— As driving forces in the labour market. For truly great people with the right competence, there is an abundance of different jobs to choose from these days. For example, technical competence is today needed in all companies and that’s one of the reasons why it’s more important than ever to not only put the effort into attracting the right talent but also keeping them.
— With uncertainty in the economic landscape, it’s believed that well-built and performing startups will survive and thrive, but the nonperforming or uncertain startups will have a much harder time securing their future. Therefore, I believe that the quality of startups three or five years from now will be higher. This will increase confidence in the companies that remain on the market.
And more, what will have changed?
— I both hope and truly believe that larger organizations will become more self-aware of what they should and can digitize within their organization and focus on their core business and competitive advantage. Some tasks are better to outsource. There is extreme value in using external software for what is not business critical, and it will be cheaper for each company than developing the software itself, says Norberg, adding,
— We are at the same stage now as in the industrial revolution when we went from being an agricultural society to an industrial society, but this time we’re moving even faster. Digital and innovative progress take place daily, which results in more efficient societies and organizations that are data-driven. This also contributes to and requires more value-creating jobs. Technical innovation is really humanity’s right hand to overcome the obstacles our world face now and in the future. Automation and digitization reveal completely different solutions, solutions we couldn’t believe were possible before.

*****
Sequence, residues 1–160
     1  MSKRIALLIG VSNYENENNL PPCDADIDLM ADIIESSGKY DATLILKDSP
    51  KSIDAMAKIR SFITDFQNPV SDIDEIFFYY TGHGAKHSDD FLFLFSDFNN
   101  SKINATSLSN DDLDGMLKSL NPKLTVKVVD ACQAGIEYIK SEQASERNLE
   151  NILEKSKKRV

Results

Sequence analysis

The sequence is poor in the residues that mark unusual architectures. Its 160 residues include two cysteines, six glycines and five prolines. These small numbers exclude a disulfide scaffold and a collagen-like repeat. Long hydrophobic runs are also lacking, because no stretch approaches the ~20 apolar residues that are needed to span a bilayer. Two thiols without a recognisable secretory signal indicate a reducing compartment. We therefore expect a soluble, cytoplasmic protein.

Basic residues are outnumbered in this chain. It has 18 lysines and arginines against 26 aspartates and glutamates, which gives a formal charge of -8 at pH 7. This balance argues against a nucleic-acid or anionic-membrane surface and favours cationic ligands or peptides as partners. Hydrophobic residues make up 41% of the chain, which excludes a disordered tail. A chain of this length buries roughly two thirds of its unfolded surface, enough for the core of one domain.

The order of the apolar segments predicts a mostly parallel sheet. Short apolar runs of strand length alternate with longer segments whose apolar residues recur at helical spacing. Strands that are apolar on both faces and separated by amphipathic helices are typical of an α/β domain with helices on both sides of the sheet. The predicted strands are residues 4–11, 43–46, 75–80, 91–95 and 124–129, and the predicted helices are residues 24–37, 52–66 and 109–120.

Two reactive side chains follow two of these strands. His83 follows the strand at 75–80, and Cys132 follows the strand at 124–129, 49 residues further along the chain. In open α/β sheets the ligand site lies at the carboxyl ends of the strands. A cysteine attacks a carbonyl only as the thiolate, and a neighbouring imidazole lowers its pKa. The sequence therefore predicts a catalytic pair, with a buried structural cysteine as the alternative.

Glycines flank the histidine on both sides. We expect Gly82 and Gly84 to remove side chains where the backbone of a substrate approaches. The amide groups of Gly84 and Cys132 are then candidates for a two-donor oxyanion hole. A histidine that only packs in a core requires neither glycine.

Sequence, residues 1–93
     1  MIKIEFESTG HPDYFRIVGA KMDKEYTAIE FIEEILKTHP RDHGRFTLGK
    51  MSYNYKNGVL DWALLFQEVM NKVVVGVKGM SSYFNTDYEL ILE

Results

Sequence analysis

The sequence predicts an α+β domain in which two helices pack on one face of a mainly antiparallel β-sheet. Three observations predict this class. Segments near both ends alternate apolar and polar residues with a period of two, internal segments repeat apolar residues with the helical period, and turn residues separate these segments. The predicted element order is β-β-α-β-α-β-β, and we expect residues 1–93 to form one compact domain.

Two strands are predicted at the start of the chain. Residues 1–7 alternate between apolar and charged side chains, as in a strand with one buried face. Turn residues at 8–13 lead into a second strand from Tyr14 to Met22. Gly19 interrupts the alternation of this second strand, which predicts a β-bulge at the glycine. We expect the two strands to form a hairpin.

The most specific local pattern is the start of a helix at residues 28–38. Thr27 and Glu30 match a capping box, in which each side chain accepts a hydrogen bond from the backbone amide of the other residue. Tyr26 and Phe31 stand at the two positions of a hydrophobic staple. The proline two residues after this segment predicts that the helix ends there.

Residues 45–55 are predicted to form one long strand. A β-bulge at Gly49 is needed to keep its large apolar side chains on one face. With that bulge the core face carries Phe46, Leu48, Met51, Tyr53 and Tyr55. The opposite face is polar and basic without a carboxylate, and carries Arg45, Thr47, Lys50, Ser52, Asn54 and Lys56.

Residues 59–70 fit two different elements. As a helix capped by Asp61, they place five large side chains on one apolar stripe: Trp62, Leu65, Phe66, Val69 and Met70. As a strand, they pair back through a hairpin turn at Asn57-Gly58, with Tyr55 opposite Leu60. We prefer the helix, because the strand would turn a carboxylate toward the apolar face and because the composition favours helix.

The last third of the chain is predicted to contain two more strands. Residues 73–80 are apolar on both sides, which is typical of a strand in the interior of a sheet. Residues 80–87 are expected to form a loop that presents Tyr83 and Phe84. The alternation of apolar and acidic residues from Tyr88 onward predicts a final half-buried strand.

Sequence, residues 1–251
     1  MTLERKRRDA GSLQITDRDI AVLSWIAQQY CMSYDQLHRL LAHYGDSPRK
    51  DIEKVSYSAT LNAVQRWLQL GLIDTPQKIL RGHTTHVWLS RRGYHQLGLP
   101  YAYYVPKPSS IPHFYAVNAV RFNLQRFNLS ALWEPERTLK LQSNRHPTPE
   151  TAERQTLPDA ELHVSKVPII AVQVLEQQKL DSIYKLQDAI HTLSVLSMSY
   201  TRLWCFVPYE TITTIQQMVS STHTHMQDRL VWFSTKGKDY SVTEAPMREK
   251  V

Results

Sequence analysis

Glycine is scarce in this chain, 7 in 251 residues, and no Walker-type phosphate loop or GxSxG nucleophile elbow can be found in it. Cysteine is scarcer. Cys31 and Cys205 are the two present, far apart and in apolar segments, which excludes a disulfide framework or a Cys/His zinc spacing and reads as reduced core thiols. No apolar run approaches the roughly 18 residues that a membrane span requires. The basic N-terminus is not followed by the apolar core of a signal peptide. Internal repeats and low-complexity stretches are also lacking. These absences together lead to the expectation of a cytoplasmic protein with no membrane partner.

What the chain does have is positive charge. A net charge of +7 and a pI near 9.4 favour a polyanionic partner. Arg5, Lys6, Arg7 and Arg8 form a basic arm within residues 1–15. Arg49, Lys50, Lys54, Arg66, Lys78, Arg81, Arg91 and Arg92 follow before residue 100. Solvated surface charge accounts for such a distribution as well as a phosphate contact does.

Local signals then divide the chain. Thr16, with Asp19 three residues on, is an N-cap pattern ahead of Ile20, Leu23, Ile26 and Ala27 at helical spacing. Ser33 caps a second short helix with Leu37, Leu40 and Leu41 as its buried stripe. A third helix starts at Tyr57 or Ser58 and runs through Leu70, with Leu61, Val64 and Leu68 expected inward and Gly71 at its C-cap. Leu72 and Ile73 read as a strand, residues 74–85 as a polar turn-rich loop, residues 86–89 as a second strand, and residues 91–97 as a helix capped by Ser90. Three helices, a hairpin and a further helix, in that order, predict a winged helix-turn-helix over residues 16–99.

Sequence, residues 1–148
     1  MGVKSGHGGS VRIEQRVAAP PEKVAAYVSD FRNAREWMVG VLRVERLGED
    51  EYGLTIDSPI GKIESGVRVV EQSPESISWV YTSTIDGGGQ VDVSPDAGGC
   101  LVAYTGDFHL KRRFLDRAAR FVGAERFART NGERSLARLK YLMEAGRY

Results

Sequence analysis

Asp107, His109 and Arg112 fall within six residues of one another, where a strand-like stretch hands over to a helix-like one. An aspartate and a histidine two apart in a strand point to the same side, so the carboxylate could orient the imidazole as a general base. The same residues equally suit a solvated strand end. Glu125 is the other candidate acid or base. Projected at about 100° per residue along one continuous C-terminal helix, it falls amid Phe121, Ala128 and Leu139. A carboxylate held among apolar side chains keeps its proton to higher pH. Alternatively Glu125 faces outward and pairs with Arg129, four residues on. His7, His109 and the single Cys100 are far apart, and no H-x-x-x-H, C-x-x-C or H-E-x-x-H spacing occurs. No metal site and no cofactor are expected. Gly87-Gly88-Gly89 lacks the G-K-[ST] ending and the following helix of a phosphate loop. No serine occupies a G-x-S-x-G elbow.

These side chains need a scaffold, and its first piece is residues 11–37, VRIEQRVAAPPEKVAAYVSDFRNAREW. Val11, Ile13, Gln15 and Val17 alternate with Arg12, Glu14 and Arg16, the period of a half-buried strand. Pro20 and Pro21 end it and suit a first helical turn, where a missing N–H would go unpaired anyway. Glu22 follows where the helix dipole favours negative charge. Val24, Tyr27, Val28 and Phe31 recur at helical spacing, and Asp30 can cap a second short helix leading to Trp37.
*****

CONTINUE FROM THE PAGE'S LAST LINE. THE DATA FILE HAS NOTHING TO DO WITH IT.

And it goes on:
You’re alsothe former CEO of Teknikkvinnor (Tech Women). In 2021, 1% of the venture capital in Sweden went to female-founded companies. Do you see any improvements here? And what would you like to see in order to improve it?
— Yes, I’ve seen several changes and improvements. The importance of equality and inclusion is much more discussed today. Both in media and within larger tone-setting organizations as Nasdaq, which recently instituted a new rule that Nasdaq-listed companies must — or publicly disclose why they do not — have at least two diverse directors, which you of course can discuss if that is the right way to move forward.
— In my role, I have the responsibility to maximize shareholder value. To do that I must ensure that we as an organization attract, hire, and keep the greatest of people. Therefore, we’ve implemented a rigid recruitment process and evaluation processes that are based on performance. And on the other hand, we need to ensure that we have a culture where these talented people want to stay. That’s why it’s so important to create an environment where everyone feels they can boost their strengths and feel welcomed. Competence is in short supply today due to rampant competition; companies can therefore not afford to lose talented people based on irrelevant biased recruitment processes or bad work culture. Because neither gender, ethnicity nor age for that matter should play a role in how one is valued, says Norberg.
What advice would you like to share withother startup entrepreneurs?
— Work close to your market, and put time and effort into understanding what your customers want and what they actually need. And keep your promises. It’s easy to get carried away when you talk about the vision of your business. But trust is everything. So, give credible promises, because in the long run it’s much better that you exceed on those than promising to much. Expectation management is a huge key to building a good relationship with investors and customers.